“Hariri’s proposal calls for the election of a Senate simultaneously with the election of a Parliament,” Future MP Ammar Houri told The Daily Star. Hariri and his March 14 allies have staunchly rejected both the Cabinet’s draft electoral law based on a proportional representation system with 13 medium-sized districts and the Orthodox proposal, which calls for each sect to elect its own MPs under a system of proportional representation with Lebanon as a single district.
Former premier Fouad Siniora, after a meeting with Maronite Patriarch Beshara Rai in Bkirki, urged rival factions to reach “common denominators that confirm coexistence among the Lebanese and the importance of their solidarity to rebuild their country amid these major challenges facing the region which affect Lebanon.”
The joint committees’ decision to extend the subcommittee’s mandate came following a two-hour meeting during which rival lawmakers reviewed a report from the panel on the results of its deliberations. Addressing the meeting, Berri stressed the need for “justice, unity and solidarity” in any electoral law.
“The joint committees agreed to extend the work of the subcommittee for 15 days. Its work during these additional days is confined to discussing the hybrid system combining proportionality and a winner-takes-all-system,” MP Robert Ghanem told reporters after the meeting.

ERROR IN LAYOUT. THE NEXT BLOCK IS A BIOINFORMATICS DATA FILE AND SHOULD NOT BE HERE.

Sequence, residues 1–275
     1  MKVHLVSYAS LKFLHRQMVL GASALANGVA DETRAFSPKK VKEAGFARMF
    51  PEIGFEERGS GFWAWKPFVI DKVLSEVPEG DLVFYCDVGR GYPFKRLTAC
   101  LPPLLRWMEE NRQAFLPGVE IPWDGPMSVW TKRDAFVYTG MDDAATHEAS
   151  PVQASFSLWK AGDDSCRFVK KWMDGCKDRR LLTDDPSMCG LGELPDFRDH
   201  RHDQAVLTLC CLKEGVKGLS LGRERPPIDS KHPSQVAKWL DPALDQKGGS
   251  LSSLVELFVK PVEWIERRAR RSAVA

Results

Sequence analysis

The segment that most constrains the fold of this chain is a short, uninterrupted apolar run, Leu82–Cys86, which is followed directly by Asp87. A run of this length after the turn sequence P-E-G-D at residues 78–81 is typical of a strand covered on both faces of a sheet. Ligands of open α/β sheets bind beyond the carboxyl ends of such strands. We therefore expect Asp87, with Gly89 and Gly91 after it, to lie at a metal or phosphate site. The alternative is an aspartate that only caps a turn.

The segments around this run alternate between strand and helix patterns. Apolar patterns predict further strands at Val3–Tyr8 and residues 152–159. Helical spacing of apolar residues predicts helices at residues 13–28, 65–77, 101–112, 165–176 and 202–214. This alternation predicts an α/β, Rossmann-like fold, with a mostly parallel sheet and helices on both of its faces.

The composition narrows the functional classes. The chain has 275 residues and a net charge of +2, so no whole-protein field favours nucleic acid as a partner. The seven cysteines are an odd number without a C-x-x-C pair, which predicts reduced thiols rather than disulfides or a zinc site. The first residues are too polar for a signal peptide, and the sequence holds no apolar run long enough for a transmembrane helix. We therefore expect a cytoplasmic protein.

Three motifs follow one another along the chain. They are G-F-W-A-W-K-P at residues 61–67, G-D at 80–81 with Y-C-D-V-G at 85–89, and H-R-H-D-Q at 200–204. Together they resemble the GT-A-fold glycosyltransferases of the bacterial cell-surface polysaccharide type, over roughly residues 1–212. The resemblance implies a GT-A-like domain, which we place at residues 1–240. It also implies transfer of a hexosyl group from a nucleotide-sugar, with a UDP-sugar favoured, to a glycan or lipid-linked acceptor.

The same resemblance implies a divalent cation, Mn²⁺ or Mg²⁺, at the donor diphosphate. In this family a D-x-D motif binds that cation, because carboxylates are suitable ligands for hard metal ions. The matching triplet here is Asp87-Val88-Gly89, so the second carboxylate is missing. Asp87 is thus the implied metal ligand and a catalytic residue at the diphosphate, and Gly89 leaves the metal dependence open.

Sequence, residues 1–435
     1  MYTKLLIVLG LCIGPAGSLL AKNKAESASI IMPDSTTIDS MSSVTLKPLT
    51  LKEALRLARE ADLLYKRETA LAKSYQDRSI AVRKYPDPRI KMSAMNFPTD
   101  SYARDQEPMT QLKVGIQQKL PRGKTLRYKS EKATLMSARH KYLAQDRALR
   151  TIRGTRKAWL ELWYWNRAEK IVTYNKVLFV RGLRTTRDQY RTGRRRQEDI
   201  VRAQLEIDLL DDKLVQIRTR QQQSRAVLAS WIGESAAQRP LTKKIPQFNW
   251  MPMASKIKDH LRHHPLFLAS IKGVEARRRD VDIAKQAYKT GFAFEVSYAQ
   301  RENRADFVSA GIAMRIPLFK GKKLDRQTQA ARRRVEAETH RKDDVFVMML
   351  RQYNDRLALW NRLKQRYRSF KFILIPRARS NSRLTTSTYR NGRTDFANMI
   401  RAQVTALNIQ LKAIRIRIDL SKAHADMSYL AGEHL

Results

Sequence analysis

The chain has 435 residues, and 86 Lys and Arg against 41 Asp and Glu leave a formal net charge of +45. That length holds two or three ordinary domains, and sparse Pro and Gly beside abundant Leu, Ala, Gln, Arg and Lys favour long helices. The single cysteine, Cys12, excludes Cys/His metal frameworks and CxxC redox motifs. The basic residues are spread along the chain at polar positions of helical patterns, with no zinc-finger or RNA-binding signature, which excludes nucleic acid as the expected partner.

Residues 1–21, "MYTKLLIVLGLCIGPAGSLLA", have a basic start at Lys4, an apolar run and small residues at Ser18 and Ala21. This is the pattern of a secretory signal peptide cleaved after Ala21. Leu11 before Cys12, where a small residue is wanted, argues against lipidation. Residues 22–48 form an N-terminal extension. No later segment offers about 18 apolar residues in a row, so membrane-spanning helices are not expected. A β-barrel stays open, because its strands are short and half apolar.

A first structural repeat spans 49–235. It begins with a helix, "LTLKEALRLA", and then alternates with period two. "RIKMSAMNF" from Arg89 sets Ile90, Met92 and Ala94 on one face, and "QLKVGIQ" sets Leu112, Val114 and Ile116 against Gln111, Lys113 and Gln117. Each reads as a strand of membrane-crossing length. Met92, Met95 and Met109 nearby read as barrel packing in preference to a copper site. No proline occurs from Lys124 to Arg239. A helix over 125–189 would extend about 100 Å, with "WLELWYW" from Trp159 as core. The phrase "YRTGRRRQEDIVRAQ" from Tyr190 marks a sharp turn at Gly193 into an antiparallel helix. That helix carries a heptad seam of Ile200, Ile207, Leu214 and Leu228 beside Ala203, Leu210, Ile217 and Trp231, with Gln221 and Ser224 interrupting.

Ghanem, the chairman of the subcommittee, said the extension of the subcommittee’s work will not be renewed again. He added that the subcommittee, which also includes lawmakers from March 8 and March 14 parties, will resume its talks next Monday by holding a morning and evening session.
Ghanem said Berri had called on the joint committees to hold open successive sessions starting from Feb. 18 to discuss proposed draft electoral laws regardless of whether the subcommittee reached an agreement.
“If the subcommittee reaches a result, this would be part of the joint committees’ agenda. But if it does not reach a result, these committees will begin studying a proposal presented by MPs Alain Aoun and Naamatallah Abi Nasr, the so-called Orthodox Gathering’s proposal,” Ghanem said.